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Mothers’ Child Abuse Potential and Children’s Home Environment as a Context for Cognitive and Social Development: Preliminary Evidence for an Association Between the Child Abuse Potential and HOME Inventories

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Abstract:

This paper reports preliminary evidence of an association between mothers’ child abuse potential and the quality of young children’s home environment as a context for cognitive and social development. Sixteen mothers with infants or toddlers who were beginning participation in an intergenerational learning program targeting low-income families completed the Child Abuse Potential Inventory (CAPI; Milner, 1986) when they initially enrolled in the program. A family worker associated with the program visited each family’s home during the same week and administered the Infant-Toddler HOME Inventory (Caldwell & Bradley, 1984), a 45-min interview and observation system that assesses the quality of the home environment as a context for children’s cognitive and social development. Total scores from the CAPI and HOME Inventories were inversely associated (r = .67), as were several of the subscales from the two measures. Results indicate that the degree to which mothers endorse beliefs that typify physically abusive parents is associated with the type of parenting, predictability of care, and cognitive stimulation that their young children experience at home.

Most Common Document Word Stems:

home (183), child (143), capi (106), mother (95), score (86), subscal (67), attach (59), abus (57), famili (57), item (55), parent (45), children (43), behavior (42), total (39), associ (39), measur (37), relationship (35), research (35), problem (31), potenti (29), develop (28),

Author's Keywords:

child abuse potential, parent child interaction, attachment
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Name: International Communication Association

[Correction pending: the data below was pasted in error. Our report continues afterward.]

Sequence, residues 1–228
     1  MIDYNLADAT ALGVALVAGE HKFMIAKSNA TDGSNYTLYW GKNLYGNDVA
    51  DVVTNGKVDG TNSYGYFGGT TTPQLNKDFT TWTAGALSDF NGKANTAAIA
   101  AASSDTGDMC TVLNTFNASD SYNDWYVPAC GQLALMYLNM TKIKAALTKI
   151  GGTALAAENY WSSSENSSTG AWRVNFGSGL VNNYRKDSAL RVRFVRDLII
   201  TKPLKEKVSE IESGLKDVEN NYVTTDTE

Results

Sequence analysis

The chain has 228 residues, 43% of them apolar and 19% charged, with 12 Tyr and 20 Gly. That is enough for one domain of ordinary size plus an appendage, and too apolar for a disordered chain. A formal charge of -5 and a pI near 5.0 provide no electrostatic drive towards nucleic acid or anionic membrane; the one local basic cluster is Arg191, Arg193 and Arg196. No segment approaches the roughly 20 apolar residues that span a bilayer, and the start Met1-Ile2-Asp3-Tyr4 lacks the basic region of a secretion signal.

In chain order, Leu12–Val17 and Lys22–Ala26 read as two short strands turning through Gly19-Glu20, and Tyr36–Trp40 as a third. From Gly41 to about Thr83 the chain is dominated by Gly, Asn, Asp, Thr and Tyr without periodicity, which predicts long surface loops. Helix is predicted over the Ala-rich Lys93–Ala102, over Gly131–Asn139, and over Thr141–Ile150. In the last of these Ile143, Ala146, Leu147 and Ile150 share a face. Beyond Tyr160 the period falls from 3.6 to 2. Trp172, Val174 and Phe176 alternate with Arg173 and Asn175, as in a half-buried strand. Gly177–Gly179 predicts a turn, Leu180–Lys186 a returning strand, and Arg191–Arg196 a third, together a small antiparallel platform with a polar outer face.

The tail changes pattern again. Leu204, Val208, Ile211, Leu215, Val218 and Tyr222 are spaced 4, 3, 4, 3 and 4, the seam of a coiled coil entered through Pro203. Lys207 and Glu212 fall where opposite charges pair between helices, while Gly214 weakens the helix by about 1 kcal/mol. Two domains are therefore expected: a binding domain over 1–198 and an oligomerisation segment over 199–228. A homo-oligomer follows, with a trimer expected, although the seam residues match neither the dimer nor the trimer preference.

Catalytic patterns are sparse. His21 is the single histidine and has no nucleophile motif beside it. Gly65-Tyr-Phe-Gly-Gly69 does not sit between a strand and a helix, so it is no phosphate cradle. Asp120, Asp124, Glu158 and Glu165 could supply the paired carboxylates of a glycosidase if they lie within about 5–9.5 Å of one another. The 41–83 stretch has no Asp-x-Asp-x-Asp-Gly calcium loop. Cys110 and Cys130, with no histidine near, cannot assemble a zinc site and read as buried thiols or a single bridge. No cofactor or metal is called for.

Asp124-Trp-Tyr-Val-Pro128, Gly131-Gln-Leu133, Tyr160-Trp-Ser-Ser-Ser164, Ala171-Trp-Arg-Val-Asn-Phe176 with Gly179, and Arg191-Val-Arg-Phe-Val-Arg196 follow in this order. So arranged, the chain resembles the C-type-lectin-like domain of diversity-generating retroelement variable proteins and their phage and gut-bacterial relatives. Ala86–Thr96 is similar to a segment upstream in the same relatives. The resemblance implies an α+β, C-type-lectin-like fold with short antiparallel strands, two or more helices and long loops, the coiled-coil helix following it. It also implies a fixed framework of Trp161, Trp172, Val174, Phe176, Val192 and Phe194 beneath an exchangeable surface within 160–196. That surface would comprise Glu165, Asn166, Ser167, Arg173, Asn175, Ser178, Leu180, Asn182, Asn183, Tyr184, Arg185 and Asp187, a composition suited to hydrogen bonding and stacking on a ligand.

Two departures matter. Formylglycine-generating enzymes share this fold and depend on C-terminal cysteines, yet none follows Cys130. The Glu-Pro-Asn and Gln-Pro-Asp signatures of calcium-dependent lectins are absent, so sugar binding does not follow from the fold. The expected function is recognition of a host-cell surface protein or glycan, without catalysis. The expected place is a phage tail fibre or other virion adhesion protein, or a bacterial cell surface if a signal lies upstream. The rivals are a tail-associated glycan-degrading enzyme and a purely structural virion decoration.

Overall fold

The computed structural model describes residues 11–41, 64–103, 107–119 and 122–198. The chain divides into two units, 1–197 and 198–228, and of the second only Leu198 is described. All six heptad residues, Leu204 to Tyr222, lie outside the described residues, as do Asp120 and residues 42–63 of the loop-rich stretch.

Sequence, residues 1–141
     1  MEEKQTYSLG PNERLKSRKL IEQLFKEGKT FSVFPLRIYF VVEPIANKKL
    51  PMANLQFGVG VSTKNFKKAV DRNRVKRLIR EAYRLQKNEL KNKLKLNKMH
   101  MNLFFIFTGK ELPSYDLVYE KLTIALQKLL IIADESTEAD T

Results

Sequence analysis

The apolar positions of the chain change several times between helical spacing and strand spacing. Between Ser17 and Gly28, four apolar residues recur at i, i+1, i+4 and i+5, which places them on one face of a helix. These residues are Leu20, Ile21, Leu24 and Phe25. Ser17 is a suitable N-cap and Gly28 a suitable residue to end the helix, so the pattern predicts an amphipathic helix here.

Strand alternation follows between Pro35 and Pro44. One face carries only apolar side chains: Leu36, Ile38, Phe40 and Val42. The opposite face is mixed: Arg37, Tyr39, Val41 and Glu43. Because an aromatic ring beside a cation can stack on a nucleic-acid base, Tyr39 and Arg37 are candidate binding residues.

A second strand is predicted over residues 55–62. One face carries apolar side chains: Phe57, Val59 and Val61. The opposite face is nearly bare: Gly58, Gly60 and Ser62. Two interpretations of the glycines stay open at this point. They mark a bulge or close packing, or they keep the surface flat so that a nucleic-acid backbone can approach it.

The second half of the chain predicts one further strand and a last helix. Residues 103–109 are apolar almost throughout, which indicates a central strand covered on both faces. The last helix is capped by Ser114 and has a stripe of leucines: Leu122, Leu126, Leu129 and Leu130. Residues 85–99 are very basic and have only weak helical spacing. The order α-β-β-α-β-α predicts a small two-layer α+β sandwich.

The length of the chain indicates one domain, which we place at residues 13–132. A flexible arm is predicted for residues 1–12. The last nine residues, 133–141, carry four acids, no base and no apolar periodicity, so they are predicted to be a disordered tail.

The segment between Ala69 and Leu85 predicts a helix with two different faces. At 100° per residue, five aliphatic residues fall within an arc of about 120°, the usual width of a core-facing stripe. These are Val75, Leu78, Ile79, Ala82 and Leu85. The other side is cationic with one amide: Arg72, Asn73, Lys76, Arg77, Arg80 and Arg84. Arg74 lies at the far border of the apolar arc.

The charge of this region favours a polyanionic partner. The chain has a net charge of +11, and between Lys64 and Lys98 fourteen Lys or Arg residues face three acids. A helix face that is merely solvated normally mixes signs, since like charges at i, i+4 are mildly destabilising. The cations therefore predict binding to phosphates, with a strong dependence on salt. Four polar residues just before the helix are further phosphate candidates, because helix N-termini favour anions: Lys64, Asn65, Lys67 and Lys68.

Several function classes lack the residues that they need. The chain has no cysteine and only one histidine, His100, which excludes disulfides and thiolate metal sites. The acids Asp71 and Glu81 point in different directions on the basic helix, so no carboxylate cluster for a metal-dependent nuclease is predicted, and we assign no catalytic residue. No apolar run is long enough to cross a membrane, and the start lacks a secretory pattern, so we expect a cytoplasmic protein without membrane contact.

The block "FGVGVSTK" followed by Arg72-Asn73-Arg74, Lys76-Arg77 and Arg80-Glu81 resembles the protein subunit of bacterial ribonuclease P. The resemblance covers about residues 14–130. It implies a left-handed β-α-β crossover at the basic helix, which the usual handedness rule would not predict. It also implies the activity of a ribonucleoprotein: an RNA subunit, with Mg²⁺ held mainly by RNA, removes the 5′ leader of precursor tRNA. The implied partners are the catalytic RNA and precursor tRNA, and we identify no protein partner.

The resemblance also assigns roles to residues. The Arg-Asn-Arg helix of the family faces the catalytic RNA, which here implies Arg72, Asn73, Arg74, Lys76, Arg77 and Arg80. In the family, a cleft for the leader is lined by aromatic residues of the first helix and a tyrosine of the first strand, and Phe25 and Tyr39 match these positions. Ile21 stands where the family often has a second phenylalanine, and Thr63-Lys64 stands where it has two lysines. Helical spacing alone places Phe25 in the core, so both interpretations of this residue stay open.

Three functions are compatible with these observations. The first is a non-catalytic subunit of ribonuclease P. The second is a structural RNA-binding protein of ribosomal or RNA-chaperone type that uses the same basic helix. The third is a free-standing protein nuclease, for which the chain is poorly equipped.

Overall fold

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http://www.icahdq.org


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URL: http://citation.allacademic.com/meta/p297976_index.html
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MLA Citation:

Munz, Elizabeth., Wilson, Steven. and D'Enbeau, Suzanne. "Mothers’ Child Abuse Potential and Children’s Home Environment as a Context for Cognitive and Social Development: Preliminary Evidence for an Association Between the Child Abuse Potential and HOME Inventories" Paper presented at the annual meeting of the International Communication Association, Marriott, Chicago, IL, May 20, 2009 <Not Available>. 2017-09-11 <http://citation.allacademic.com/meta/p297976_index.html>

APA Citation:

Munz, E. , Wilson, S. and D'Enbeau, S. M. , 2009-05-20 "Mothers’ Child Abuse Potential and Children’s Home Environment as a Context for Cognitive and Social Development: Preliminary Evidence for an Association Between the Child Abuse Potential and HOME Inventories" Paper presented at the annual meeting of the International Communication Association, Marriott, Chicago, IL Online <PDF>. 2017-09-11 from http://citation.allacademic.com/meta/p297976_index.html

Publication Type: Conference Paper/Unpublished Manuscript
Review Method: Peer Reviewed
Abstract: This paper reports preliminary evidence of an association between mothers’ child abuse potential and the quality of young children’s home environment as a context for cognitive and social development. Sixteen mothers with infants or toddlers who were beginning participation in an intergenerational learning program targeting low-income families completed the Child Abuse Potential Inventory (CAPI; Milner, 1986) when they initially enrolled in the program. A family worker associated with the program visited each family’s home during the same week and administered the Infant-Toddler HOME Inventory (Caldwell & Bradley, 1984), a 45-min interview and observation system that assesses the quality of the home environment as a context for children’s cognitive and social development. Total scores from the CAPI and HOME Inventories were inversely associated (r = .67), as were several of the subscales from the two measures. Results indicate that the degree to which mothers endorse beliefs that typify physically abusive parents is associated with the type of parenting, predictability of care, and cognitive stimulation that their young children experience at home.


Similar Titles:
Children of Incarcerated Mothers: The Relationship between Mother-Child Contact, Caregiving Instability and Problem Behavior

Parent-Child Attachment, Fathers’ Criminal Involvement, and Children’s Behavior: Reassessing the Parental Attachment-Child Behavior Relationship


 
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